The Census Bureau is the government agency that is responsible for the U.S. Census. The U.S. Census counts every resident in the United States. It is mandated by the Constitution and takes place every ten years. The data collected determine the number of seats each state has in the U.S. House of Representatives and is also used to distribute federal funds to local communities.
The most recent Census count was taken in 2010. Any counts more recent than 2010 are estimates rather than official numbers.
Use numbers from the 2010 Census to obtain counts of the population and basic characteristics (sex, age, race, Hispanic origin, and homeowner status).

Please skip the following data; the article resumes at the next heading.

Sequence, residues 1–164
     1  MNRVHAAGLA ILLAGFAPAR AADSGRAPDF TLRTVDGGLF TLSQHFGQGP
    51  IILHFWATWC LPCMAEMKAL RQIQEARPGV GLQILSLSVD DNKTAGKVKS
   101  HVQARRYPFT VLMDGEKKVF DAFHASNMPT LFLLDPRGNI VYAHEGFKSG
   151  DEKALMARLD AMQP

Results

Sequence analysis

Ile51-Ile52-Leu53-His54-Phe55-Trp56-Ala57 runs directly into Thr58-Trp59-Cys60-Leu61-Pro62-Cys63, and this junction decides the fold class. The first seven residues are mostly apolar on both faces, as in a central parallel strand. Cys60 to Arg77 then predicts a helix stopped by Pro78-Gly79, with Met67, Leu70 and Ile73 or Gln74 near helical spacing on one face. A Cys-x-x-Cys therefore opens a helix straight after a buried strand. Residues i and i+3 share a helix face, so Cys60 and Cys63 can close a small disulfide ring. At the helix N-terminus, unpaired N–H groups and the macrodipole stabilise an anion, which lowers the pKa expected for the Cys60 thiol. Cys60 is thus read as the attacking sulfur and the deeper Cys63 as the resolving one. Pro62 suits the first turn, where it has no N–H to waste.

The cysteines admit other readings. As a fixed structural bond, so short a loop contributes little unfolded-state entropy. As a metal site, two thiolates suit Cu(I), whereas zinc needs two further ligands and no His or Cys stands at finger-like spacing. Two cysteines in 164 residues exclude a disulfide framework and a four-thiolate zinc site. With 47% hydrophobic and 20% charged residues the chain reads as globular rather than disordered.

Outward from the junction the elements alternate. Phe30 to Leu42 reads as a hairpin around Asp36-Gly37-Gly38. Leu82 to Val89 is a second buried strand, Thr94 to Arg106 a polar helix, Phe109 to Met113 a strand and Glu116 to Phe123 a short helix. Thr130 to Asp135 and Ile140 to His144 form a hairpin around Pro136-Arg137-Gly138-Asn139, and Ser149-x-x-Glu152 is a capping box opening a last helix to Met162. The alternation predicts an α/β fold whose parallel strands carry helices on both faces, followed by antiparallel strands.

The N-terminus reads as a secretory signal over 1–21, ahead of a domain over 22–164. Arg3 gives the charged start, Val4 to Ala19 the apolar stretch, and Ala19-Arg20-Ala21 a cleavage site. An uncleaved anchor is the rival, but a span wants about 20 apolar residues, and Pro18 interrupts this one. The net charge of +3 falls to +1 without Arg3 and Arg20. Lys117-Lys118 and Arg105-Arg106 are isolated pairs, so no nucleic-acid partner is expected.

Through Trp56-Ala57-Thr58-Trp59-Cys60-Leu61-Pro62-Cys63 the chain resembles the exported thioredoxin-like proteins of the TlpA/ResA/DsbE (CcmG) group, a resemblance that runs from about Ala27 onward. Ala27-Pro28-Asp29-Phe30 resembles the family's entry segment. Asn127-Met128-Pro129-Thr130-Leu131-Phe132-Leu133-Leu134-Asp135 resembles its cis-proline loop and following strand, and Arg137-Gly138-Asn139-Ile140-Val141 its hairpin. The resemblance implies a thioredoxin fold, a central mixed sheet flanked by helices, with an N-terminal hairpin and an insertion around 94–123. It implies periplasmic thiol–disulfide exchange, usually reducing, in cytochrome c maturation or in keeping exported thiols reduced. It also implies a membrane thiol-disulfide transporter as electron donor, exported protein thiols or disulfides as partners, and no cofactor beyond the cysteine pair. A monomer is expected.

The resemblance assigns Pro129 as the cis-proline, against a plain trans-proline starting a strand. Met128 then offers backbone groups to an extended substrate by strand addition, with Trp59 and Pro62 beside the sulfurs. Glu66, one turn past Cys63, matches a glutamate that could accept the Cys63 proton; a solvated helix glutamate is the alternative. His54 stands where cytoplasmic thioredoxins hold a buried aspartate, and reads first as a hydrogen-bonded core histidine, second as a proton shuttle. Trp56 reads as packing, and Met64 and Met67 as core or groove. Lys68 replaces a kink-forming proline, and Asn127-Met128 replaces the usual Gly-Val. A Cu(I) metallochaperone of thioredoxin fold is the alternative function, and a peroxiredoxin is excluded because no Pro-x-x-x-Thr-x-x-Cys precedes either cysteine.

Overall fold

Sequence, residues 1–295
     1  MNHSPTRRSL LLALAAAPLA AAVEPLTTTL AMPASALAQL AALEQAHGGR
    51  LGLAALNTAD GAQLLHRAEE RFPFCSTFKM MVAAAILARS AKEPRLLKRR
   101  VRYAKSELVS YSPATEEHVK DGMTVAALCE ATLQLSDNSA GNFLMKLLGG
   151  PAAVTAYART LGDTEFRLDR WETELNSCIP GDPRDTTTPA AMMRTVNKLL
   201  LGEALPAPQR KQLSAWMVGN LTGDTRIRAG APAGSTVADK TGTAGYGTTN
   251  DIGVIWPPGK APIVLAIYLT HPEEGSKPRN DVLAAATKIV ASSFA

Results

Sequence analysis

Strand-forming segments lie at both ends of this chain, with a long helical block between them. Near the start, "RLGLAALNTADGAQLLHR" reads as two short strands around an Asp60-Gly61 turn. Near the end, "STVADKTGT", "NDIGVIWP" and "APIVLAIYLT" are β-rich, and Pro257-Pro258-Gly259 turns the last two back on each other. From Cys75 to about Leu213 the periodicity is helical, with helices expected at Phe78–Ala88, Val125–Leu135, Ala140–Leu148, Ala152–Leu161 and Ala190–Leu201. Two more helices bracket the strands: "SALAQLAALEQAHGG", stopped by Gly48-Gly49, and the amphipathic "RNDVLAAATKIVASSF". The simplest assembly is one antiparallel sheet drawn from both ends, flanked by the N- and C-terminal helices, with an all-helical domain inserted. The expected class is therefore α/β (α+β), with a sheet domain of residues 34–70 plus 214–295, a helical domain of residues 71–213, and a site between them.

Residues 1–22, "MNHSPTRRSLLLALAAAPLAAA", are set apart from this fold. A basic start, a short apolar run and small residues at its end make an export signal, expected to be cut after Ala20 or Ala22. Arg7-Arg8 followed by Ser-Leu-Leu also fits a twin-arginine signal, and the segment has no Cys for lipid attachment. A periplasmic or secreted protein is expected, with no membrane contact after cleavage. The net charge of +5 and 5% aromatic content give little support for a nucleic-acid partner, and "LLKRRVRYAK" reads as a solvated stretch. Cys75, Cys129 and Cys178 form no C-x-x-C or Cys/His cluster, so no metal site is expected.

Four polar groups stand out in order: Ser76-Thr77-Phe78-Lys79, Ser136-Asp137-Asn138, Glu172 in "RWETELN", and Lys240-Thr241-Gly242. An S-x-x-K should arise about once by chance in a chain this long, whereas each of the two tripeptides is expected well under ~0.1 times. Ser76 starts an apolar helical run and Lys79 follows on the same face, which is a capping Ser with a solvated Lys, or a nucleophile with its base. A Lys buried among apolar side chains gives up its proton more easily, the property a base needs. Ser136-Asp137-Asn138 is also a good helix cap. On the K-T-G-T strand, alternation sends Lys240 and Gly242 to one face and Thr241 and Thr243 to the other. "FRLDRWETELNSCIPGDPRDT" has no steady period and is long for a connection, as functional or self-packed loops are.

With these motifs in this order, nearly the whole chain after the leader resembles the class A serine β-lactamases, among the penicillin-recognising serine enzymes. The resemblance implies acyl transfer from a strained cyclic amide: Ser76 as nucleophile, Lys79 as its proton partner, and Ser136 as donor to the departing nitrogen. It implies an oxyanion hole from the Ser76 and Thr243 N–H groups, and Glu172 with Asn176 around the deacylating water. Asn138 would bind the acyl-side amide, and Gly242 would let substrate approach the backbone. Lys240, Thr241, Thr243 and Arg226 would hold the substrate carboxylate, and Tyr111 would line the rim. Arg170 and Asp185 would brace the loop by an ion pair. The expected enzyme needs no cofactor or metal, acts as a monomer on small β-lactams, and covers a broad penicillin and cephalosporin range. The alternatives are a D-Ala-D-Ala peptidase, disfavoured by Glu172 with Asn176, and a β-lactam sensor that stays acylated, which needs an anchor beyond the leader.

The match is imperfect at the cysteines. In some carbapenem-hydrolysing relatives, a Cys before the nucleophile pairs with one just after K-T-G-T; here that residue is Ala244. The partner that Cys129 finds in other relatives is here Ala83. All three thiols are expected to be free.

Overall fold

Data from the Census Bureau's Population Estimates Program cover the years between censuses. The Census Bureau's Population Estimates Program produces official population estimates for the nation, states, counties, cities and towns, plus housing unit estimates for states and counties.
Use the U.S. Census Bureau's QuickFacts tool or the online Statistical Abstract of the United States to obtain 2010 Census data for the U.S. See the QuickFacts U.S. page for more information. Notice the blank column to the right of "United States" in the image below. When using QuickFacts, you can add another geographic place to compare data.
The Census Bureau reports data for a wide variety of geographic entities ranging in size from the entire United States to a Census Block. Some entities follow recognized boundaries such as counties and cities, while others have been created by the Census Bureau.
The Geography Atlas links to definitions of Census geographic entities.